Exit Queer Theory
However, the institute was vulnerable to takeover by Queer Theorists (QT), who, in Kramer’s judgment, substituted their exercises in arcane postmodern jargon for genuine scholarship. As a young man Kramer had suffered from confusion and self-doubt stemming from his sexual orientation. For this reason he held that the LKI should help other young people, who as Yale undergraduates make up a considerable portion of the group served. Yet the pretentious jargon of QT was shutting out everyone except those already committed to this academic fad.
This emphasis has not gone down well, as the QT fad is indeed declining. Moreover, it is not suffering this fate in solitude, as it.is parasitic on postmodernism and deconstruction in general.
As QT fades it is reasonable to ask what other models are available for research in gay studies. During the 1980s, the late Warren Johansson and I proposed a classic solution: use the traditional critical tools of scholarship, which have been flourishing since they were introduced in the Renaissance by such figures as Lorenzo Valla and Desiderius Erasmus. As with so many other realms of inquirty, these tools can illuminate many still poorly understood aspects of same-sex experience. Worldwide, this experience is much more varied that a present-minded focus on current North American styles and interests would suggest.
Johansson and I pointed out that there is a vast existing deposit of this work in German gay scholarship stemming from the 19th and early 20th century. To this day, most of this material remains unexploited. For example, in 1911 a German scientist, Ferdinand Karsch-Haack published a wonderful tome on same-sex behavior among tribal peoples. Except for the tireless Stephen O. Murray no recent scholar has made use of this treasure trove.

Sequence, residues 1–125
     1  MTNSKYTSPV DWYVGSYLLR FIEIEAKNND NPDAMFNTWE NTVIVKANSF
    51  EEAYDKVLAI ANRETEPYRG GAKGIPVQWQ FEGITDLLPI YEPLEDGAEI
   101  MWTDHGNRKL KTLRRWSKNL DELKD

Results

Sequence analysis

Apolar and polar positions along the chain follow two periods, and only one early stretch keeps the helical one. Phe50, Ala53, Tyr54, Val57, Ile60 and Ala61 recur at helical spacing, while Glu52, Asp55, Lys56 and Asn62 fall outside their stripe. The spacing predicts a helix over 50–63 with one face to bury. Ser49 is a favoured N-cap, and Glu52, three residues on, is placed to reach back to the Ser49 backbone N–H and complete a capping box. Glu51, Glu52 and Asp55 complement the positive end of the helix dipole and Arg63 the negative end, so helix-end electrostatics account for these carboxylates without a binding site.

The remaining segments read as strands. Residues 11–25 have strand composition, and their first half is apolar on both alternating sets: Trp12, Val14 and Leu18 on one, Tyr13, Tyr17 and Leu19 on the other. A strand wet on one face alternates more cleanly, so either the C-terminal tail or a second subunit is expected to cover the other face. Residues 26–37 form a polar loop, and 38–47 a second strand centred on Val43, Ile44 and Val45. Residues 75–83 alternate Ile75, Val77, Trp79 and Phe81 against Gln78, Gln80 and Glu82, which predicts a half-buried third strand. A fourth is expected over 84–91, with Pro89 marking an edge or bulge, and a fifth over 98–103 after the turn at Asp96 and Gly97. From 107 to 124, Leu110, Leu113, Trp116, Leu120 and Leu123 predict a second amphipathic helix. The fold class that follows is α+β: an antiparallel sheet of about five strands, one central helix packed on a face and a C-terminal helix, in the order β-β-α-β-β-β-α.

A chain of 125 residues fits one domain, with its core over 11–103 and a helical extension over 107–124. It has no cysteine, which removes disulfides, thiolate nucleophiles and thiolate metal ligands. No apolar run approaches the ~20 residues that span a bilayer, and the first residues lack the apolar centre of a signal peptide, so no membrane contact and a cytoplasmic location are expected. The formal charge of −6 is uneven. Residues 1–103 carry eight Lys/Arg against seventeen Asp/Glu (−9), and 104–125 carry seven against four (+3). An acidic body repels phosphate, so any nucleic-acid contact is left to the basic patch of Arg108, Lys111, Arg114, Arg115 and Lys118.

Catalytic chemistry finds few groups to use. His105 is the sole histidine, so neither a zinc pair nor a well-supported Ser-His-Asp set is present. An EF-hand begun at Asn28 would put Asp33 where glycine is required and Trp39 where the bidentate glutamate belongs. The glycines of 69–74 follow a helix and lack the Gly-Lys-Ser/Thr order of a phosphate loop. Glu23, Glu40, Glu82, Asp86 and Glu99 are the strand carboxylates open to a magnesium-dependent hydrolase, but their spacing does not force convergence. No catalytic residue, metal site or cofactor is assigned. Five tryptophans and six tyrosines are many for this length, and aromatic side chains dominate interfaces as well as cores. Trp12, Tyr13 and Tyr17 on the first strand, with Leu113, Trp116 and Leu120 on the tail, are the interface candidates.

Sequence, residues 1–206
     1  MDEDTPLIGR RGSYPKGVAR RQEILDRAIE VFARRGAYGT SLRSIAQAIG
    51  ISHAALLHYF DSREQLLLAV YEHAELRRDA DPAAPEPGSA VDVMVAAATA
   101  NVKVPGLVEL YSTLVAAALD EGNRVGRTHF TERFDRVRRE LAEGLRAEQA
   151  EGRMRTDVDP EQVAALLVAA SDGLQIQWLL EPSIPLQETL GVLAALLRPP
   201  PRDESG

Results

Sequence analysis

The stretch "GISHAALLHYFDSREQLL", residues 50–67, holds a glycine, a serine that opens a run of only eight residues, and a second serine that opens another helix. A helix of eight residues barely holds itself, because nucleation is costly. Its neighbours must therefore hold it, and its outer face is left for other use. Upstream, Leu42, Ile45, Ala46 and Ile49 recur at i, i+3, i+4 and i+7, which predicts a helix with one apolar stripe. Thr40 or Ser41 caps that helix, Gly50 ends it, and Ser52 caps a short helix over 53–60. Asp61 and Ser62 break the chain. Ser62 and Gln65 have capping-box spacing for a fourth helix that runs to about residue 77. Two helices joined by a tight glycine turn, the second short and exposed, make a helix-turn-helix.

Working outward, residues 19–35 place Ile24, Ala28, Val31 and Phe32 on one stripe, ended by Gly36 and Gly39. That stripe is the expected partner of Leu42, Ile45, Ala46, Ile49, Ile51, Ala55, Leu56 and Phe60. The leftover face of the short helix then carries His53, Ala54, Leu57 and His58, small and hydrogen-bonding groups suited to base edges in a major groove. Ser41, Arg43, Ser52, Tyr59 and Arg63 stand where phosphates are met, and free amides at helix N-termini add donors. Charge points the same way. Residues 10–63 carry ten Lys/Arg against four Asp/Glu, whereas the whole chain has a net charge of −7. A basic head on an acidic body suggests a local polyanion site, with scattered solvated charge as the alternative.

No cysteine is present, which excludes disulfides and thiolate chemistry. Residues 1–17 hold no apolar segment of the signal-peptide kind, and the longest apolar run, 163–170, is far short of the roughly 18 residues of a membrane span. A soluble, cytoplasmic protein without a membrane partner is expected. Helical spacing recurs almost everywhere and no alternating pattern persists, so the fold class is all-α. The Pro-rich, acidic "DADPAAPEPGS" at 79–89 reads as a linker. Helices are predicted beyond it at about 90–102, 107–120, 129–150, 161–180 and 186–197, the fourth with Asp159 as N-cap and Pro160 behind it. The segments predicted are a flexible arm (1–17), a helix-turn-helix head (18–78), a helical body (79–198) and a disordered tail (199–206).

Accessing this body of information takes work—far more that the six weeks or so that it takes to acquire a veneer of the postmodern patter language, with its talk about transgression, indeterminacy, semiotic slippage and so forth. Seriously pursued, though, the older method achieves solid results. A magnificent example of this is Louis Crompton’s Homosexuality and Civilization (Harvard University Press, 2003). Unlike the “breakthrough” works of QT, Crompton’s monograph will be consulted for decades to come.
Another available model stems from the social sciences. For some years a body of research reports has been accumulating from sociologists and psychologists regarding attitudes and behavior. However, most of the subjects are college students, who may alter their attitudes and behavior in later life. Those conducting these studies have not always shielded them from their own political preferences, casting doubt on the reliability of the result as a whole. For this and other reasons, the social sciences are losing traction in academia today.
There are alternatives to QT. Which one will take the lead it hard to say. Yet maybe we are not going to go “back to the future.” That is, a new model may emerge from contemporary reality, that is, the proliferation of sites on the Internet. As scholars roam the net from the privacy of their homes and offices, even prestigious research libraries note huge drops in attendance. Researchers are more and more resorting to the ‘net. To be sure, there are problems of reliability and completeness (both often compromised) in these venues. Awareness of these limitations, though, allows one to compensate for them. This development is ongoing, though, and it may yet yield important fruits.
What does seem certain is the continued decline of postmodernism, and its perverted child, Queer Theory. Those seem now to rank among the aberrations of the 20th century. Merely to mention these fads in the light of socialism, Communism, and Nazism, shows that they are not consequential aberrations, but they are mistakes all the same.